Friday, 8th December, 2023
Friday, 8th December, 2023

Commoners suffer as rice, oil, pulse prices rise

Staple rice, edible oil, sugar and pulses witnessed fresh hikes last week augmenting woes of the consumers, especially the commoners who had already dug deep into their pockets to meet as increased living expenditures triggered by rising costs of other essentials, including vegetables and key spices.

Prices of potato, a widely used veg, however, remained static at its previous high on Thursday when the retailers sold the yellow root tuber at Tk 45-50 per kilogram (kg), defying the government fixed rates.

Rice prices, especially that of medium and finer qualities, increased further by Tk 2.0-3.0 per kg in the past week.

Medium quality like Brridhan-28, 29 and Paijam were sold at Tk 54-57 per kg while finer quality Miniket at Tk 62-68 a kg, based on quality, on the day.

Najirshail, another finer quality rice, was sold at Tk 65-72 a kg.

Course varieties, including Swarna, BR-11, hybrids remained static at their previous high of Tk 46-50 a kg.

Traders attributed the price hike of the medium and finer qualities to shortage of those varieties during the off-season.

Palm oil, the key cooking oil of the low-income groups, increased by Tk 5.0-6.0 per kg in the last seven days as super palm oil was sold at Tk 94-97 a litre on the day.

This was the fifth time in the last two months that prices of the edible oil witnessed price hike, according to the grocers.

Loose soybean oil also showed a Tk 5.0 hike as was sold at Tk 104-106 a litre on the day.

The refiners have also hiked costs of the bottled soybean oil. The widely used bottled oil became dearer by Tk 5.0-Tk 6.0 per litre to Tk 115-120 in the week.

The refiners said they raised prices of edible oil following a series of price hikes in the global market over the last five months.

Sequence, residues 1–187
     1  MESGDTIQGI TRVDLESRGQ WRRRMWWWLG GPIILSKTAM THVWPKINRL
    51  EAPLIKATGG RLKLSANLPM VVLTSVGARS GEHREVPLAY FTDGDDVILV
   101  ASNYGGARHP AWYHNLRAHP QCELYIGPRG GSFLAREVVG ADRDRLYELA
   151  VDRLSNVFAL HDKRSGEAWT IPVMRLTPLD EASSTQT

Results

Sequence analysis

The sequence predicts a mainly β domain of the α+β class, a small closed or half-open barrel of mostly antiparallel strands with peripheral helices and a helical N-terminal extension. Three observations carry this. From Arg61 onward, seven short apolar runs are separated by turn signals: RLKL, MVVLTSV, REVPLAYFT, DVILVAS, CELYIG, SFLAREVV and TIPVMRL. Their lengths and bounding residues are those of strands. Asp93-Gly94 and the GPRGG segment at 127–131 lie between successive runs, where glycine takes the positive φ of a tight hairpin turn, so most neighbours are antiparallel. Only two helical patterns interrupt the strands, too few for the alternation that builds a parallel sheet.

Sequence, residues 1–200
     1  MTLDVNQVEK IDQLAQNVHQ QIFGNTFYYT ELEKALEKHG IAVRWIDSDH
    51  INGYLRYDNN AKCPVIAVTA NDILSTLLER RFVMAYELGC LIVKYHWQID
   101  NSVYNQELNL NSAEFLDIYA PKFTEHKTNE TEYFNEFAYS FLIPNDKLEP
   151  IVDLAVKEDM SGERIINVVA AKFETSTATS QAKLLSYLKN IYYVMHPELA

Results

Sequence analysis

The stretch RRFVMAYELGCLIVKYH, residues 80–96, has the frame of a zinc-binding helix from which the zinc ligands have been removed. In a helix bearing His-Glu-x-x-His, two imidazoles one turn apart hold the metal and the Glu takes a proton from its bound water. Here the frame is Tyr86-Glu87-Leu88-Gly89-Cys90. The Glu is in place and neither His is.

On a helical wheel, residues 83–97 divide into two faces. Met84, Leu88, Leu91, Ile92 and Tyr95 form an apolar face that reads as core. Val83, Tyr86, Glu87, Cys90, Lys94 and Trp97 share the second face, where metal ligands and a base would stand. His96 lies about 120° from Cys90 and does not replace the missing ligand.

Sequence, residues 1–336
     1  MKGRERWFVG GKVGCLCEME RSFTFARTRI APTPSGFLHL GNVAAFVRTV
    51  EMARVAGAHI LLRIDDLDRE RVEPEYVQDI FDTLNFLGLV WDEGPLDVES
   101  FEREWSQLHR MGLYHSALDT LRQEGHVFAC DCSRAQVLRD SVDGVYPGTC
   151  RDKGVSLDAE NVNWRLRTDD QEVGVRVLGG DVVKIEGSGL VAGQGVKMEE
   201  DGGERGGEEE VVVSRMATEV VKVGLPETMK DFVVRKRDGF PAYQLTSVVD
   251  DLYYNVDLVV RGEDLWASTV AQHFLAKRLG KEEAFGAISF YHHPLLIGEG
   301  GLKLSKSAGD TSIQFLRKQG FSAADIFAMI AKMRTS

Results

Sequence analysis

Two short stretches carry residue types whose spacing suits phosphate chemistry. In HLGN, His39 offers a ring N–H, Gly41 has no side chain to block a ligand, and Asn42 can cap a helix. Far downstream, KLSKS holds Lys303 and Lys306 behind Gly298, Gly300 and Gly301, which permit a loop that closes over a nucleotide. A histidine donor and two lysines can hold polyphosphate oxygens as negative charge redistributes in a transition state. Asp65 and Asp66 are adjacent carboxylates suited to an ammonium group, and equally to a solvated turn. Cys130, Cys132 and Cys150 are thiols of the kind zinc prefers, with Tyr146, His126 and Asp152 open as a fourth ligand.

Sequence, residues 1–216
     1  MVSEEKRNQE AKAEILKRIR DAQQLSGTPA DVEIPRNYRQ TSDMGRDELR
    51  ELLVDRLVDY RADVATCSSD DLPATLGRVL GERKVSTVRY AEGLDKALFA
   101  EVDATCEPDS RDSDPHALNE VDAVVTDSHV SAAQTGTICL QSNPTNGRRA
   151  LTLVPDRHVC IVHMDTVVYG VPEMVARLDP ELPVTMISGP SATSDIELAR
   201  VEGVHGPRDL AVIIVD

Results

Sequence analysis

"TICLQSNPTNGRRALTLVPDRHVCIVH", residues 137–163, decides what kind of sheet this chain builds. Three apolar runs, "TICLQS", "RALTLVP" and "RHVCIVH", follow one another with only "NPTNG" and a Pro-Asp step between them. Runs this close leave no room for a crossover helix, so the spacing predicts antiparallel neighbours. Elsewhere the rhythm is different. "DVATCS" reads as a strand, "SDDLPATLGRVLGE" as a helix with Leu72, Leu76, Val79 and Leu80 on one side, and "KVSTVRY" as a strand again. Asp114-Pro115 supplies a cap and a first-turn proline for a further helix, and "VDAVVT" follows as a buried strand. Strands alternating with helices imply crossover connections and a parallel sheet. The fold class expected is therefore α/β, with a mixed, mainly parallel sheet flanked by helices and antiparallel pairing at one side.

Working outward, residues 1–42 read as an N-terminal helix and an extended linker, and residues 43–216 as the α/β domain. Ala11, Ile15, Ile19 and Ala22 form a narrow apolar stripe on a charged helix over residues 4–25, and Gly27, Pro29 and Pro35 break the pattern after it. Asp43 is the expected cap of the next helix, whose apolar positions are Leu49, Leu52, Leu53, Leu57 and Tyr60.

Sugar prices rose by Tk 5.0 a kg as loose form of the sweetener was sold at Tk 65-Tk 70 a kg on the day while branded packaged sugar at Tk 70-Tk 75, based on companies.

Lentil of medium and finer quality got dearer by Tk 10-Tk 15 a kg in the week as medium variety was sold at Tk 95-Tk 100 a kg while finer lentil, both local and Nepalese, were traded at Tk 120-130 a kg yesterday.

Mung bean prices also increased to Tk 140-150 a kg from Tk 130-Tk 140 a kg earlier.

Stored potatoes were retailed at Tk 43-Tk 50 a kg on the day defying government fixed maximum retail price of Tk 35 a kg.

Secretary of the Consumers Association of Bangladesh (CAB) Humayun Kabir Bhuiyan said most of the essentials’ prices have been increasing gradually for the last few months hitting hard the limited and lower-income segment of the society.

The government has almost failed to keep prices of commodities within the reach of the commoners, he viewed.

Strict market monitoring is needed especially in the rice, sugar and oil mills to prevent any artificial price hike of the essentials, he said.

Imports of such products should be eased by removing higher import taxes immediately, he said.

He mentioned that cold-storage owners and traders are not following the government rate of potato set by the government.

Potato traders at the cold storage level, who are defying the government rate (the cold storage level rate is Tk 27 a kg) should be grilled.

Meanwhile, prices of ginger, one of the key cooking ingredients, have also gone up notably. Imported Chinese ginger prices hit a record Tk 360-380 a kg on Thursday amid, what the retailers said, a supply crunch.

But the groceries and vendors had a plenty of local and imported Indian gingers which were traded at Tk 90-160 a kg.

:: Share ::